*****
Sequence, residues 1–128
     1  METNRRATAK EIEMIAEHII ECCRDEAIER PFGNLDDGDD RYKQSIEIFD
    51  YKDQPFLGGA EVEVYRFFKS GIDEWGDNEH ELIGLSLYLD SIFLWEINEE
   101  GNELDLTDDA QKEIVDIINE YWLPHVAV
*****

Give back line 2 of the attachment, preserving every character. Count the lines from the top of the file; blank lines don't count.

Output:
     1  METNRRATAK EIEMIAEHII ECCRDEAIER PFGNLDDGDD RYKQSIEIFD